The Commercial Case Law Index is a collection of judgments from African countries on topics relating to commercial legal practice. The collection aims to provide a snapshot of commercial legal practice in a country, rather than present solely traditionally "reportable" cases. The index currently covers 400 judgments from Uganda, Tanzania, Nigeria, Ghana and South Africa.
Get started on finding judgments that are relevant to you by browsing the topic list on the left of the screen. Click the arrows next to the topic names to reveal a detailed list of sub-topics. Most judgments are accompanied by a short summary written by subject-matter expert postgraduate students from the University of Cape Town.
The matter involved a dispute over an order of suit property sale as a remedy for breach of a loan agreement granted by the trial court against the appellant.
The first question was whether the responded had paid the whole stipulated loan amount to the appellant. Assessing the evidence in the record from the trial court, the court reasoned that the trial court’s assessment had failed to evaluate crucial evidence that showed doubt in the respondent’s claim that the whole stipulated amount had been paid. The court thus concluded that the evidence indicated that the responded had failed to fully honor its performance obligation. As a result, the responded could not pursue the remedy of obliging the appellant to transfer the property for failure to repay the loan.
The second issue concerned the right to mesne profits (i.e. profits received by tenant in wrongful possession and which are recoverable by the landlord) by the appellant and the amounts due. The court did not dwell much on the question of entitlement, instead accepting the trial court’s finding of indisputable occupation and rental collection by responded as a basis together with the fact that responded could not justify the occupation.
The court thus concluded that mesne profits were owed but order that they be set-off to the amount of the loan that the appellant still owed. The decision of the trial court was therefore set-aside and appeal allowed.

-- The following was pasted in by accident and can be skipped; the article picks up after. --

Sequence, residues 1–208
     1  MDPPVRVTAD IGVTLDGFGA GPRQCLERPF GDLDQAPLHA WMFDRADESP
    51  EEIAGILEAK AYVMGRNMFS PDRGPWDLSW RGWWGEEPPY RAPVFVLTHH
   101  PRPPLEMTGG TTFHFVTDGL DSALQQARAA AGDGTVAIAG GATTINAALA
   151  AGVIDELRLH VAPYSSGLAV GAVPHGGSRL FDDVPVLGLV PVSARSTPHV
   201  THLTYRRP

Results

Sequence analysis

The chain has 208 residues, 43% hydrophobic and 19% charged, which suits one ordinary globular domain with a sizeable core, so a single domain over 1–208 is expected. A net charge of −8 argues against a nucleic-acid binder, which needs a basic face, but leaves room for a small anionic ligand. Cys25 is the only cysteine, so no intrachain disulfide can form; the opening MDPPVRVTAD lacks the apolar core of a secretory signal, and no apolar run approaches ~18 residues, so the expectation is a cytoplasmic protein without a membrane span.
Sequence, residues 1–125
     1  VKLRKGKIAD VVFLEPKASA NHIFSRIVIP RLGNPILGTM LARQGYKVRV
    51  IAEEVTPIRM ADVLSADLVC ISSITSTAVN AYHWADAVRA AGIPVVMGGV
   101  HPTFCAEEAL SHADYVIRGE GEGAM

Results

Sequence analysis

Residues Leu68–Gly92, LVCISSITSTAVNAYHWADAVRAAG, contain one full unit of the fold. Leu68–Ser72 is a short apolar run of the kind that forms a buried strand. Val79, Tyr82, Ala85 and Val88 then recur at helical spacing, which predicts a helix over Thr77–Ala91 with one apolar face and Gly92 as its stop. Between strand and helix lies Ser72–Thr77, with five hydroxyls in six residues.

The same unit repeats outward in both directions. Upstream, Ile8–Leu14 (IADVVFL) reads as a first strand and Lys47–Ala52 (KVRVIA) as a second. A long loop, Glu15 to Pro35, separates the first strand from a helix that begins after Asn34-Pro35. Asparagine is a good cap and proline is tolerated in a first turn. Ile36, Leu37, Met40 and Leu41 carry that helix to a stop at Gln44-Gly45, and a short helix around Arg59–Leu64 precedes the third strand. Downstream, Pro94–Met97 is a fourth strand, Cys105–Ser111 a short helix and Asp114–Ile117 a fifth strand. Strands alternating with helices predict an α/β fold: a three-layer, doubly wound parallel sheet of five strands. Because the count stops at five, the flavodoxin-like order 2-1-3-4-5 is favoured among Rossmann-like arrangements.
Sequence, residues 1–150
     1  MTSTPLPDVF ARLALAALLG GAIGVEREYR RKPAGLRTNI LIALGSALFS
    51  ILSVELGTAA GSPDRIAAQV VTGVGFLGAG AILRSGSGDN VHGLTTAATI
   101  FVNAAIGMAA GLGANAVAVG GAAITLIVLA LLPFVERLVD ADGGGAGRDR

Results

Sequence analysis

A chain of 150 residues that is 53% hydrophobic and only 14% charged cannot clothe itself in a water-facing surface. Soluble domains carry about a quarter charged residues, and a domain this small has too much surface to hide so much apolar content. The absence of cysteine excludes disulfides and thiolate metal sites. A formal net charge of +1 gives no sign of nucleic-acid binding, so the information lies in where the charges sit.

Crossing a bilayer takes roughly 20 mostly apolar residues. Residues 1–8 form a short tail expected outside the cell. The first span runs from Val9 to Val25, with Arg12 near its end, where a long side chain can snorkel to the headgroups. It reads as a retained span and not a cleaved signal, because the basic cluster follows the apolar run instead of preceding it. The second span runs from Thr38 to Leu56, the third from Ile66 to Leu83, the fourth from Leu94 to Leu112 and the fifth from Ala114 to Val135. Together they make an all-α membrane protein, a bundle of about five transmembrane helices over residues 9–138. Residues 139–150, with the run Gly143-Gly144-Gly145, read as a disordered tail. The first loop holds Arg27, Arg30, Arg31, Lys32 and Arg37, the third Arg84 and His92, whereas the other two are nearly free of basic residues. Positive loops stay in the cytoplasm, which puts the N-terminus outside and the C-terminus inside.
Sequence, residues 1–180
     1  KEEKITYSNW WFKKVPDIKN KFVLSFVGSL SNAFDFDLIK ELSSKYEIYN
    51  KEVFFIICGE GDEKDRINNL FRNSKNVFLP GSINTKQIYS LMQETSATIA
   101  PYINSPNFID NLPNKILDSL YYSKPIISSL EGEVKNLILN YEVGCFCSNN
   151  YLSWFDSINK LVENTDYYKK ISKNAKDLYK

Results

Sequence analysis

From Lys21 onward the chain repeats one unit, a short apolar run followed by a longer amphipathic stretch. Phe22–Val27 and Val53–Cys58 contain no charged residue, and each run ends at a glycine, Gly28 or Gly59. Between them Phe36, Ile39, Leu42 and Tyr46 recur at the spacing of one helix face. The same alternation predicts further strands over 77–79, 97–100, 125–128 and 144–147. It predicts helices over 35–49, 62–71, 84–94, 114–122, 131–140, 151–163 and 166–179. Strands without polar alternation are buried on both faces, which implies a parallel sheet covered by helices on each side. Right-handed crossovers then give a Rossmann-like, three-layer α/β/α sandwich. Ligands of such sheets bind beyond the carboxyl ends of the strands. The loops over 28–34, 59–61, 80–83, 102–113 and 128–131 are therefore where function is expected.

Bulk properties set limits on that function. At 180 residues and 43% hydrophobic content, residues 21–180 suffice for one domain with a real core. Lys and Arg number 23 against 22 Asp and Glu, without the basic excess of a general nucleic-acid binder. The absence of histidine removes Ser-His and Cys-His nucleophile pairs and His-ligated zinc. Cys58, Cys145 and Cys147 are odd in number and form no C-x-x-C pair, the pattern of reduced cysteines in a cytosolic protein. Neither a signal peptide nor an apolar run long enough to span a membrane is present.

The court considered an application for temporary injunction restraining the respondents from selling two seized motor vehicles. Furthermore, the court considered whether the right of seizure and sale can be exercised without the intervention of the court.
This case concerned an agreement for the sale and purchase of 10 motor vehicles. The applicant alleged that the agreement was oral, whereas the respondents alleged it was written. The applicant subsequently defaulted on the payment and the first respondent seized the vehicles and threatened to sell the vehicles on public auction.
The court found that the agreement concluded between the parties was in fact a written agreement.
The court considered the provisions of S 124 – S 128 of the Law of Contract Act. The basis of these provisions found that the pawnee may retain goods pledged for payment of any debt and may bring a suit against the pawnor upon the debt and retain the goods pledged as collateral security or he may sell the thing pledged.
The court found that the applicant (pawnor) defaulted in payment and the first respondent (pawnee) had the option of bringing a suit against the pawnor and retaining the goods as security or sell the thing pledged by giving the pawnor reasonable notice. If the proceeds are less than the amount due, the pawnor is liable to pay the balance. If the proceeds are more, the pawnee shall pay the surplus to the pawnor.
A pawnee, in possession of the title and the property pledged is entitled to sell the property without intervention of the court. However, in absence of possession, he cannot take the law into his own hands without the court’s intervention.
The court found that there was no clause in the agreement empowering the first respondent to take possession and sell the vehicles, and thus he cannot exercise his right without the court’s assistance.